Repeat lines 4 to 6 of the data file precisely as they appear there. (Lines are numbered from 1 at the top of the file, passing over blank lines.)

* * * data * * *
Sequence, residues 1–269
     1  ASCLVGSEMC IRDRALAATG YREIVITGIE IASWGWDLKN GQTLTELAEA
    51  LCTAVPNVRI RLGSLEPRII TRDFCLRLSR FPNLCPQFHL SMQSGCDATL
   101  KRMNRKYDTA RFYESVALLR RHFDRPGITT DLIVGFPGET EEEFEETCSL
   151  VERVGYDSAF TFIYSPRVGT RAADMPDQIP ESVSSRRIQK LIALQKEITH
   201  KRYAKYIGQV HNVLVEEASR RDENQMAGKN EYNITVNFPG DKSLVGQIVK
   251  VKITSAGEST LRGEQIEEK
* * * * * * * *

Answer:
   101  KRMNRKYDTA RFYESVALLR RHFDRPGITT DLIVGFPGET EEEFEETCSL
   151  VERVGYDSAF TFIYSPRVGT RAADMPDQIP ESVSSRRIQK LIALQKEITH
   201  KRYAKYIGQV HNVLVEEASR RDENQMAGKN EYNITVNFPG DKSLVGQIVK